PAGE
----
The singer was new to us. Tall, statuesque (you could tell she was a mezzo the moment she walked on), daringly clad in an attractive lilac number, she turned out to be a copybook Lieder singer. A smooth, vibrato-less, genuine mezzo-soprano – no shrill top, no plunging bass bottom, a lovely even sound from end to end. Perfect intonation. And, best of all, a total immersion in and interpretation of the material. Every word came clearly across. Paul said it was like a poetry recital, and he was absolutely right.

And the programme? Brahms, Schreker, Berg, Korngold (pause) Mahler, Zemlinsky, Strauss. I’ll admit my biases: I’ve never liked Korngold, and am not mad about Berg. But this was Korngold juvenilia and early Berg, so, better. I also admit to my lack of knowledge: only two songs on the whole programme were well-known to me. But so much the better: a voyage of discovery!

The first half was nice and, to my surprise, the pieces I enjoyed easily the most were the two songs by Franz Schreker. But Brahms didn’t quite get a fair go. Three Brahms songs opened the evening, and the singer was quite evidently not yet going at cruising speed. The audience clearly enjoyed Berg’s ‘Die Nachtigall’ the most, perhaps because they knew it. The half ended with the Korngold. I’m glad we were told he wrote them at age fourteen: that’s really what they sounded like. The first resembled Ivor Novello, the second gave signs of over-indulgence in ‘Der Erlkönig’. Oh, they weren’t ‘bad’, just, well, a bit trivial. I felt that they should have opened the concert, a little jeu d’esprit, leaving us to come to our mid-concert pause and glass of wine on the high of Brahms …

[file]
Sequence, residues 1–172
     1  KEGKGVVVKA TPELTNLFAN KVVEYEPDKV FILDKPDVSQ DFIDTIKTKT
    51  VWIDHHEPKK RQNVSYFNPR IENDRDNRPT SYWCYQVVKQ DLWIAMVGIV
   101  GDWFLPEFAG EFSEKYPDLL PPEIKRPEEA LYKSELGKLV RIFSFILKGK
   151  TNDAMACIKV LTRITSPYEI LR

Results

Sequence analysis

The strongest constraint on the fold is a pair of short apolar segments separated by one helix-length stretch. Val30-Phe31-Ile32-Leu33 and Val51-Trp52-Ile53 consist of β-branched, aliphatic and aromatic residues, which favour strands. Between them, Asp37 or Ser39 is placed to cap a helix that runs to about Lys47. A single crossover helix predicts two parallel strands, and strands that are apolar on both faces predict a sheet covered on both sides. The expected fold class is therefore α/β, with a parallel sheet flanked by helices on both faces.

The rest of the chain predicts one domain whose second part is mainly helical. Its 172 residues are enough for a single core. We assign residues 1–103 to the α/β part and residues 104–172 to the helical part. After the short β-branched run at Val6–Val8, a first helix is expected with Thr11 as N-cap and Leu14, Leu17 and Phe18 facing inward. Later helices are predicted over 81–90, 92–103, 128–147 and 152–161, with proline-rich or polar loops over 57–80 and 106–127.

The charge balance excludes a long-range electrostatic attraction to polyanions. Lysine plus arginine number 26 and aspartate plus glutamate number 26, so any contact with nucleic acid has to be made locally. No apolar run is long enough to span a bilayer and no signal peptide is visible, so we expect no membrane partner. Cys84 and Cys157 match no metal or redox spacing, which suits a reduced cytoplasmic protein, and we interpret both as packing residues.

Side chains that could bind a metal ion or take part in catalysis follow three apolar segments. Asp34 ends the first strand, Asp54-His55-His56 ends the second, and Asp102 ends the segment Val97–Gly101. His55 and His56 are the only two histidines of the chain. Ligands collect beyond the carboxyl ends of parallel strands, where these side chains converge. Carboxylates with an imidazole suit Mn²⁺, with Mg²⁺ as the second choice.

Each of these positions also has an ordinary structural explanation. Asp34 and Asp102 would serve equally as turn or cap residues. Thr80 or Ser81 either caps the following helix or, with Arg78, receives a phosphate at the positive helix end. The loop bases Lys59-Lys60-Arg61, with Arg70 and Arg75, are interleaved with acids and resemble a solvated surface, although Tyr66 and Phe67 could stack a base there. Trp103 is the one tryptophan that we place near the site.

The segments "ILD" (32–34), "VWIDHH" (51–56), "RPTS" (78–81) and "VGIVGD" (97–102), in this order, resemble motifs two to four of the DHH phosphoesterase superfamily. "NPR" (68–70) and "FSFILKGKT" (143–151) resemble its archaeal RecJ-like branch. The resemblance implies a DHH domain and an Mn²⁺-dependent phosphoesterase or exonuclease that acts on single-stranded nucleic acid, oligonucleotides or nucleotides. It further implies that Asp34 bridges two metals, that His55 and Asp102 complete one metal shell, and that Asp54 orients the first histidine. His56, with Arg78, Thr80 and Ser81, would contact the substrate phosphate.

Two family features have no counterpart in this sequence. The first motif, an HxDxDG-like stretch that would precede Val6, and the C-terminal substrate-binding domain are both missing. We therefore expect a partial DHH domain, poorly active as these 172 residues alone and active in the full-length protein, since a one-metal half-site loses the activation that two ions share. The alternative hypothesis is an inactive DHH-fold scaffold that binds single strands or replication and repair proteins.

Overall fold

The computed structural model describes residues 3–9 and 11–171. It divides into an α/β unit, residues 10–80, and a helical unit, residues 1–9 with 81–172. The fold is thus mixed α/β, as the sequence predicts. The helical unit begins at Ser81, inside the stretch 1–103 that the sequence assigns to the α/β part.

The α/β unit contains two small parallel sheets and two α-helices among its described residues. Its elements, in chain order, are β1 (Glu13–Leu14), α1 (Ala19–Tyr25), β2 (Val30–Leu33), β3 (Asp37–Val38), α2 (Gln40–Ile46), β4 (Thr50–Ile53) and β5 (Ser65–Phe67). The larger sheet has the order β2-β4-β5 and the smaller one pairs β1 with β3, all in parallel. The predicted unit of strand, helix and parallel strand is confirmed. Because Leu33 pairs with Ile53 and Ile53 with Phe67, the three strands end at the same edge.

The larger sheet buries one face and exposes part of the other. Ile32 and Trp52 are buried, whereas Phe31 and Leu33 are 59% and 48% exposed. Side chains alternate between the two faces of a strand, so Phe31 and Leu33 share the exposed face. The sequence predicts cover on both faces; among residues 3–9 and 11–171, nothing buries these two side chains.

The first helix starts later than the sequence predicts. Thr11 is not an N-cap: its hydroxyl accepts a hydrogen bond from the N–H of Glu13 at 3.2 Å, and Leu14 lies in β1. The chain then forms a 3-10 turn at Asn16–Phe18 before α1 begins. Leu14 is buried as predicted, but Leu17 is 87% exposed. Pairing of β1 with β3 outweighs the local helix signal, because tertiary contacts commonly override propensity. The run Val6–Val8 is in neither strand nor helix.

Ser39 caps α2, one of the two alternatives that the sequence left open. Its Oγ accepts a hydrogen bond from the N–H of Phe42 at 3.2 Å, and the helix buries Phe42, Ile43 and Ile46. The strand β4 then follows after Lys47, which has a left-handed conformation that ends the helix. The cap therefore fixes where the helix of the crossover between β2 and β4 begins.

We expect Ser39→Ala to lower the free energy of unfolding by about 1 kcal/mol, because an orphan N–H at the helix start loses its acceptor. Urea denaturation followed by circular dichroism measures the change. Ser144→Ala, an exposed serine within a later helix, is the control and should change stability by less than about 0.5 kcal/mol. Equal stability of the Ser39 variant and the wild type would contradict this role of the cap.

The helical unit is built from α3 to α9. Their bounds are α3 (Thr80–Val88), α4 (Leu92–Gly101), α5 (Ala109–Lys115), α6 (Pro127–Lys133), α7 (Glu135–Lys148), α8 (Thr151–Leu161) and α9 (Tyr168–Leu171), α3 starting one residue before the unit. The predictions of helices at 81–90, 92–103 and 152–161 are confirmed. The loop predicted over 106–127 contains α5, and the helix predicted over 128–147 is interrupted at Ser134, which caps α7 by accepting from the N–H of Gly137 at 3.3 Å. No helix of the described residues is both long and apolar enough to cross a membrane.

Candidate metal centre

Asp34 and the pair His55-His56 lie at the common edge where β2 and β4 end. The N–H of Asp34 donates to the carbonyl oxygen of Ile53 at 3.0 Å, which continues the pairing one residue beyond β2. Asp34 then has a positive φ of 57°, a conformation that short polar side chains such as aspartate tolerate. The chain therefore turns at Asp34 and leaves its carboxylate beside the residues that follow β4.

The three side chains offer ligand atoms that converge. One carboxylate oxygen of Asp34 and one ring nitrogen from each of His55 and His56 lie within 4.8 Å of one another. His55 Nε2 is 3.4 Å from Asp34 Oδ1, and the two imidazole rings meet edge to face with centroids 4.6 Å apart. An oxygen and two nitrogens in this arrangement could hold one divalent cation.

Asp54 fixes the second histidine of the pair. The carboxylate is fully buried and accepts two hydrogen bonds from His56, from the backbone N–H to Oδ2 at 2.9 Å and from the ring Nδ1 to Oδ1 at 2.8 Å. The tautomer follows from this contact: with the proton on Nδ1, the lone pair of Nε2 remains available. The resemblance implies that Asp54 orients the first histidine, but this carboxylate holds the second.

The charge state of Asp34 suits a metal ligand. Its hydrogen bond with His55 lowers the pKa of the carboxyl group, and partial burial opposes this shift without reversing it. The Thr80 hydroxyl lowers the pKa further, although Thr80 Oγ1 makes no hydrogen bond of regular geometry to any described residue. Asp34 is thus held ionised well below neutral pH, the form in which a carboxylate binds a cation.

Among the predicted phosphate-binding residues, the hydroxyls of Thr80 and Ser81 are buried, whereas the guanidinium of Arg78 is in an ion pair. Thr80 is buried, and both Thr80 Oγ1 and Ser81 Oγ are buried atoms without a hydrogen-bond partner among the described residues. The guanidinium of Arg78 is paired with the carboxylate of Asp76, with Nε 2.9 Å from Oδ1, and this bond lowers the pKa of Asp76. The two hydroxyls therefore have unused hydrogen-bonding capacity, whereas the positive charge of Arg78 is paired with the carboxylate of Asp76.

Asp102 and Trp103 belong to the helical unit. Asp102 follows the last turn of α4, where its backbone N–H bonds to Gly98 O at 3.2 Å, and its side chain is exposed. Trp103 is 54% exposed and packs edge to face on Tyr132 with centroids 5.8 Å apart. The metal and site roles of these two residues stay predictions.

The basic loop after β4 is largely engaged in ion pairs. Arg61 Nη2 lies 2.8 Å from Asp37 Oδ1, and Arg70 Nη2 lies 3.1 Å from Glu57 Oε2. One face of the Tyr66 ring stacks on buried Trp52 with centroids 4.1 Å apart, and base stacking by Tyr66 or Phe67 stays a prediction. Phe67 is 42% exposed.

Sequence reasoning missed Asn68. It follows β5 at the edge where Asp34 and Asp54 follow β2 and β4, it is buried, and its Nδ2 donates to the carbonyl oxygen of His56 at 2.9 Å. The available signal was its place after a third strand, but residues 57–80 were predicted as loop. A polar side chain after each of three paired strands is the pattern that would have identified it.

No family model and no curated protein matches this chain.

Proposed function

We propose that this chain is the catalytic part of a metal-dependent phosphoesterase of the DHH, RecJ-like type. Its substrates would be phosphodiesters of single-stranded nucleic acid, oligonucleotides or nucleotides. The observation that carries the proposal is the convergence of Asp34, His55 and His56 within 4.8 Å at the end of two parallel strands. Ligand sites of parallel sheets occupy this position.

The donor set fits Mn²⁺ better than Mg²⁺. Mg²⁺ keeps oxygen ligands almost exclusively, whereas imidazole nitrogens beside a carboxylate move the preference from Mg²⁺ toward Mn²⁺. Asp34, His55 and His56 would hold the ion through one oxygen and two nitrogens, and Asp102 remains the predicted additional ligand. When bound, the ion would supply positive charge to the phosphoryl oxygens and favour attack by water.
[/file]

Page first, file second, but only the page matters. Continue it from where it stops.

The second half, on the other hand, was perfect. Quite perfect. The group of Mahler songs ended with a delicious rendering of his ‘Rheinlegend’, and then we had Zemlinsky. His Sechs Gesänge are based on Maeterlinck words. During my career, my brother and I translated M Maeterlinck into English for … I have forgotten which publisher. It was almost as bad as translating Genet. I infinitely prefer him set to music. Especially music like this. And in German, so that I don’t wholly get every word. Anyway, the songs were quite beautiful, dramatic, expressive, and they were undoubtedly the hit of the night with the extremely enthusiastic audience.